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Siberia
History of Siberia
Part One

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Chukchi Directions
Directions of Time
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16th century Yakutia:
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See also: Chukchi directions of Time and Space.

Directions of time and space, according to the position of the sun

Concept of directions of time, space, and relationships to position of sun.

Evidence exists that by 70,000 years ago Neanderthal people had a concept of navigational direction.This can be seen in the deliberate orientation of Neanderthal/Mousterian ritual and burial sites. An example of this is the Neanderthal-Mousterian site at La Ferrassie in the Dordogne region of France, which has now been dated to about 70,000 years ago.

First excavated just before the First World War, it was clear that this was a significant Neanderthal ritual site. Under the shelter of a cliff overhang several burials were found, carefully laid out. On one side are the separate burials of different animals - and one decapitated child (were these sacrifices?). On the other side were human graves of men, women and children. Between them were many tiny graves of little babies.

All the graves of the people, adults and older children had been orientated from east to west.

Those where enough survived were found to have been buries to little carved figures, and food. The whole site indicates that the people in this region had well developed beliefs about their cosmos - ancestral to those still held by many today. The orientation of the graves and the possessions buried with the body, indicated that the deceased were believed to travel to another world.

Here is a copy of an original plan of the La Ferrasie site, the cliff face is at the top and the graves then excavated are shown.

La Ferrasie, original plan of this 70,000 year old ritual site showing cliff edge across the top and orientation of the graves then excavated


Finding the way at sea.

The earliest navigators we know of who encountered the problem of finding their ship's position in open featureless ocean were the first Australians. There is archaeological evidence - including rock engravings, and human remains, that show that people were already settled in Australia by 70,000 years ago. Possibly 140,000 years ago, during a major ice age. Even during an ice-age, when the level of the sea was lower than today, the Australian continent was separated from the islands of Indonesia, by open sea wide enough to present a barrier to plants and animals. This sea could only have been crossed in boats by people who knew how to find their way safely.

These early navigators were already accustomed to sailing between islands - some Indonesian islands have been inhabited by human ancestors for a million years, and the earliest early human (Java man) finds on Java date to two million years ago.

Even when the crossing was narrow enough to see the other side before you started out, there were strong currents, sharks, and crocodiles 9 metres long, not to mention toxic jellyfish. These early humans, who are generally called "homo erectus", would never have made it without sea-worthy boats.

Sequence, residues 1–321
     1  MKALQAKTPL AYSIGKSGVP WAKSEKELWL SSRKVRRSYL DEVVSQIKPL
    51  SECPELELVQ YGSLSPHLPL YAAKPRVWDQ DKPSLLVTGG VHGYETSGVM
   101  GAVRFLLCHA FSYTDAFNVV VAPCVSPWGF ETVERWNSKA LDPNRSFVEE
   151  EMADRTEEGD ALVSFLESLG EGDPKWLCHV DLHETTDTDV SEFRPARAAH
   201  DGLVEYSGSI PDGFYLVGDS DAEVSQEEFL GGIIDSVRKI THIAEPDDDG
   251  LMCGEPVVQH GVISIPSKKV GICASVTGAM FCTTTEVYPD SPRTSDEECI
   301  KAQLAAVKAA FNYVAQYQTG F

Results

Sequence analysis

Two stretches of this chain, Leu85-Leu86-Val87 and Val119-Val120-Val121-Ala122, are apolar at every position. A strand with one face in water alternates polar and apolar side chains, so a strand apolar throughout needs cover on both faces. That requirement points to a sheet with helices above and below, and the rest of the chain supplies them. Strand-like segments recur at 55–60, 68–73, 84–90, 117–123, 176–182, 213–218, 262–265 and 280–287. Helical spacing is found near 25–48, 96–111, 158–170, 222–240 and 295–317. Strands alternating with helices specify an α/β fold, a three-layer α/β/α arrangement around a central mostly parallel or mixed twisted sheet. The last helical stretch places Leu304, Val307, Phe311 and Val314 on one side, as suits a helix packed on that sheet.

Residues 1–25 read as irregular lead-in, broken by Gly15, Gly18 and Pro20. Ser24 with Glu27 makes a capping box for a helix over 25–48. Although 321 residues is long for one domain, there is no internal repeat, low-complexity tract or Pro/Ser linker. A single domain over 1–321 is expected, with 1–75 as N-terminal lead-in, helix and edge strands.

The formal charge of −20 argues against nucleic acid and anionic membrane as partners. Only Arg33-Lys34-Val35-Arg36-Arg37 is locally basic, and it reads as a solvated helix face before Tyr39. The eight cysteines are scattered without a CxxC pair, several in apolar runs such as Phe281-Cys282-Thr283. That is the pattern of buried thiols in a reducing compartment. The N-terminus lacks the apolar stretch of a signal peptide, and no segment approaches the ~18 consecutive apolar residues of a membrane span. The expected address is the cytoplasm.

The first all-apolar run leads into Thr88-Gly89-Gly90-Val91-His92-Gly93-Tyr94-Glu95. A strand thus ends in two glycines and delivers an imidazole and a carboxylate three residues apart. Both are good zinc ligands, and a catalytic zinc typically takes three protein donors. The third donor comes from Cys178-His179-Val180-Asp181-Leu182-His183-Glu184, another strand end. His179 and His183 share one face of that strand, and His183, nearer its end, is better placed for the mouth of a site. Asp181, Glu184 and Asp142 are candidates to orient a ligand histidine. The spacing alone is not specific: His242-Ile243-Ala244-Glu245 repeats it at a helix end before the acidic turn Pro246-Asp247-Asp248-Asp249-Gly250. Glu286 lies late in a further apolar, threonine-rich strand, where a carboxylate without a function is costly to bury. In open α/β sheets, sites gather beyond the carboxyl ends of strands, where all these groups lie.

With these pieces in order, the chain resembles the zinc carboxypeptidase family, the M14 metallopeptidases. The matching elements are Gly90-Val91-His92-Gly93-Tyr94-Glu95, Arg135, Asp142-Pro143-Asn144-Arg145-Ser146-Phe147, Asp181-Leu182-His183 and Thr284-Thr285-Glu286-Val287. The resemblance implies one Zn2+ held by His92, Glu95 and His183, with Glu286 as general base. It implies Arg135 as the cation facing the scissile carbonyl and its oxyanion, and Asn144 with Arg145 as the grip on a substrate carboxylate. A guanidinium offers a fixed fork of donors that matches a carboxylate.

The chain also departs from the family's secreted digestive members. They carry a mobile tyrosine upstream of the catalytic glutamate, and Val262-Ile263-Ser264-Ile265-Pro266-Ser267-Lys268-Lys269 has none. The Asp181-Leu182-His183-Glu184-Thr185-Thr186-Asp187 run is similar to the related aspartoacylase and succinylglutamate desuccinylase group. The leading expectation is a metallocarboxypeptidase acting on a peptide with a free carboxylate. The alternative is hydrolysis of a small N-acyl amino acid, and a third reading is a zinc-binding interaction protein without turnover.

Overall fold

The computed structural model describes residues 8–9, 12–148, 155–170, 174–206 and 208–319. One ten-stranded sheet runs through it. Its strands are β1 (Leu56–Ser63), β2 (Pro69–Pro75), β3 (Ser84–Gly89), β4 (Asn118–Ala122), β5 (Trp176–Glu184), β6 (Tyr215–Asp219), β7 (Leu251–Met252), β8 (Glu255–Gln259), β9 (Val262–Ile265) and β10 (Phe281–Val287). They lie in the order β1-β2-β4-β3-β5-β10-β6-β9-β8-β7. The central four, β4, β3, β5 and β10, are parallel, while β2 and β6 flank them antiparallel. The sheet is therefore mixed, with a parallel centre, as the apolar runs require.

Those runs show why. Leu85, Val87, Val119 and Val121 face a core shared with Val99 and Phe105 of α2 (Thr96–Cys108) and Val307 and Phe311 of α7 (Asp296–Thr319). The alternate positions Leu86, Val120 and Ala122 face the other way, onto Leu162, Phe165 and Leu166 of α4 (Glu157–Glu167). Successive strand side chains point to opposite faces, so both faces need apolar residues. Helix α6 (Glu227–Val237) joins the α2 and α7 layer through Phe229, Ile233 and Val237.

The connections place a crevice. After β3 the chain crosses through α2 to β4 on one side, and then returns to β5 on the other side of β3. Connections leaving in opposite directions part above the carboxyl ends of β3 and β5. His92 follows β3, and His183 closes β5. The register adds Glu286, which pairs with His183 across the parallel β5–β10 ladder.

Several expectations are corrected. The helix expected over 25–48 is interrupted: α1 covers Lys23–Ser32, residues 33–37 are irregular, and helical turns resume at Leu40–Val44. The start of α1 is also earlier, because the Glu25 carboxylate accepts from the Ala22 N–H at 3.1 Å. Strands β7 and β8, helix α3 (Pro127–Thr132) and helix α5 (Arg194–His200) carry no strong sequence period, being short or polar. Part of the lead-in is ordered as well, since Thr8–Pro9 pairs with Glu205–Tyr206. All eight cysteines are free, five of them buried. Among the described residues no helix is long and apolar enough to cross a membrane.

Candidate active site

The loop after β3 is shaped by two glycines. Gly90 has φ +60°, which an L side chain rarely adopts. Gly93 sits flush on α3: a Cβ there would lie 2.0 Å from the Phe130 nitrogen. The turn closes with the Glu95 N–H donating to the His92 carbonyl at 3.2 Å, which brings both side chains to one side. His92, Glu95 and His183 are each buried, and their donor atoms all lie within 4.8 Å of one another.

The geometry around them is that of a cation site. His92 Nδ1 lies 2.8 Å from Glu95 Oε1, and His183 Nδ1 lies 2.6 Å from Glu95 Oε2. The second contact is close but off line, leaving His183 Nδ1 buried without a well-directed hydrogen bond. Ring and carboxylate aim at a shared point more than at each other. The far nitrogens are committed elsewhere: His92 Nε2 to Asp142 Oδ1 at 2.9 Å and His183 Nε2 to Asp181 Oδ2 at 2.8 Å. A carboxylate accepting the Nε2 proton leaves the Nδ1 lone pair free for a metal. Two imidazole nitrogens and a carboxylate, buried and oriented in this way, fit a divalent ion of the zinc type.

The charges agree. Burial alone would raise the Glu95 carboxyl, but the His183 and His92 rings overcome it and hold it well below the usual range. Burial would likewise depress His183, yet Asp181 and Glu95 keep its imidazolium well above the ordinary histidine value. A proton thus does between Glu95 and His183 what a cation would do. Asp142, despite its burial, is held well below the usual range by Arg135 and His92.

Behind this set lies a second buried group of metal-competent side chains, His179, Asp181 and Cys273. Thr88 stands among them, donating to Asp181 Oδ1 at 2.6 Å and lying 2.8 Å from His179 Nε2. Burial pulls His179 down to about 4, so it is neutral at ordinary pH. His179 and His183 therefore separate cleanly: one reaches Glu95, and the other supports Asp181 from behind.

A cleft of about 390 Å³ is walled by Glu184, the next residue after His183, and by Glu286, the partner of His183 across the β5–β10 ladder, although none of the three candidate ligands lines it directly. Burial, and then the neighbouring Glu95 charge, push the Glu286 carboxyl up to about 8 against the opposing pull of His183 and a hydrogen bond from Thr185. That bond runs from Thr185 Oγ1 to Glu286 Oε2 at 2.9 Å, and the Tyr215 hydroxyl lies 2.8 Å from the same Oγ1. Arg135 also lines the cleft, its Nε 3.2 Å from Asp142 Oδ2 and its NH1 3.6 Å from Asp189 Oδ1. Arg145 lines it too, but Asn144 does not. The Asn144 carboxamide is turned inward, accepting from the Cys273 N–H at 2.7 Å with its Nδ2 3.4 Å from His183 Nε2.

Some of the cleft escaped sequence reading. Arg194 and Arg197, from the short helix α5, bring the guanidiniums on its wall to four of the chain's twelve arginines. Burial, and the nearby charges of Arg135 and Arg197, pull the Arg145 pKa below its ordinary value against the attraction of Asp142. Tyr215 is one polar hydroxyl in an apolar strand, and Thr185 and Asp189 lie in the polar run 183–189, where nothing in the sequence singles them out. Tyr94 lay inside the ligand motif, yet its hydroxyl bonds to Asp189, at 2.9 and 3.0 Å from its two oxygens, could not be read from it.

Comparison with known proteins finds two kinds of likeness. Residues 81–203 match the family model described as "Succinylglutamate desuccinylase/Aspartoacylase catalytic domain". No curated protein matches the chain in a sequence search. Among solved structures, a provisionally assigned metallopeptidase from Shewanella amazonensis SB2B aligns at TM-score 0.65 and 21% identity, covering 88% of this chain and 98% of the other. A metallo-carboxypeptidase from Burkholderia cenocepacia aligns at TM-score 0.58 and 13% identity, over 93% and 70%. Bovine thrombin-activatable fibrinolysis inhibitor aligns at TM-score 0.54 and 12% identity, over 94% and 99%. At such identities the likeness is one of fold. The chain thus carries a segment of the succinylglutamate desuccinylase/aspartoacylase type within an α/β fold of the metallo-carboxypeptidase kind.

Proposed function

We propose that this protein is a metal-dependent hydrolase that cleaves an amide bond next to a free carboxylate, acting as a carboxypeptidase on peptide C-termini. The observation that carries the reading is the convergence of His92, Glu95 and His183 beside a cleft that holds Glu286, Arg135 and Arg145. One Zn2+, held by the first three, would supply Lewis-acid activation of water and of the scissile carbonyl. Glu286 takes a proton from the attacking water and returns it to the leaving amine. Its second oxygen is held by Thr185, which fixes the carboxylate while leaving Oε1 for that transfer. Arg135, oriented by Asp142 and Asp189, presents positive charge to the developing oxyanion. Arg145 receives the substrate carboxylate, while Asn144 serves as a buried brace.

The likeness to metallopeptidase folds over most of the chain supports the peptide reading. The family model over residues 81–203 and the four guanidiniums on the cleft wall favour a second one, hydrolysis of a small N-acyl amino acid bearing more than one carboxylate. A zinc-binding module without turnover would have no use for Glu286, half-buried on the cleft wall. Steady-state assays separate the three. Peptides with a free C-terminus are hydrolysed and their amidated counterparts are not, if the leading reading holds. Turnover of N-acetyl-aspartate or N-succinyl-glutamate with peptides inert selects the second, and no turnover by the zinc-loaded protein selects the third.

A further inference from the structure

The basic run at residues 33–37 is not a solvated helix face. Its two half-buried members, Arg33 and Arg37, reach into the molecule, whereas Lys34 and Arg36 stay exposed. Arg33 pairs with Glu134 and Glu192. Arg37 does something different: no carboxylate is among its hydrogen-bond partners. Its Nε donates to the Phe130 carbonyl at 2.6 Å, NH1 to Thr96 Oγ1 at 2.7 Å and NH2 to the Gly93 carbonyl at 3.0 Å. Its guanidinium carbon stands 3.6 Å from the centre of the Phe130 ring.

An incentive to go further by sea may have been the volcanos of Indonesia. If the mountain behind your village is exploding in fire and raining rocks and boiling mud, you would make for the shore and boats and go. It can be no coincidence that there was a surge of human population in Australia, about 65,000 years ago, when there was a massive explosion of Mount Toba. The plume of dust and ash was blown north, causing mass extinction and devatation in what is now India and much of Asia and massive climate change triggering an ice age as the sun was blotted out by the dust for some years. The extinction at this time of larger, tastier animals like the giant kangaroo and giant wombat, could have been due to climate change but it seems was also due to the sudden rise in population of hungry humans.

Some traditional methods of navigation, then, may have been in use for many thousands of years. Navigation requires skilled knowledge, which has to be taught, it can not just be learned only by personal experience. When you went to sea, you had to know how to find out where you were, or you might not survive.

Navigators learnt how to find indications of their position and direction from the position of the sun, from the direction of the winds, from the shape and direction of waves, from the changing colours of the sea and the currents seen below the surface, and even the taste of the water, fresh or salty, and seaweed and sea creatures, from the appearance of clouds, from the behaviour of birds which return to land to roost on cliffs at night. And at night, the position of certain bright stars.

Lining up according to the direction of the sun at a certain time of day

The direction in which the sun could be seen, indicated not only the direction you were facing, and also the time of day, but was associated with many other qualities. The Neanderthal burials at La Ferrasie and other ritual sites and burials from this time, show that a belief in the significance of the directrion of the sun was part of ritual and everyday life by 70,000 years ago. We can make this assumption because many of the associations with the direction of the sun have remained in our beliefs and customs up to the present day.

The direction of the rising sun, the east, was associated with life and good things. Our word "orientation" is derived from a word meaning "east". This, being the most auspicious, associated with light and life was the preferred direction. The "front". The East was the "front". Buildings - especially homes, often were made to face this way or to the southeast or south towards the dawn or rising or risen sun. Conversely, the direction of the setting sun and the dark north were associated with bad things and death.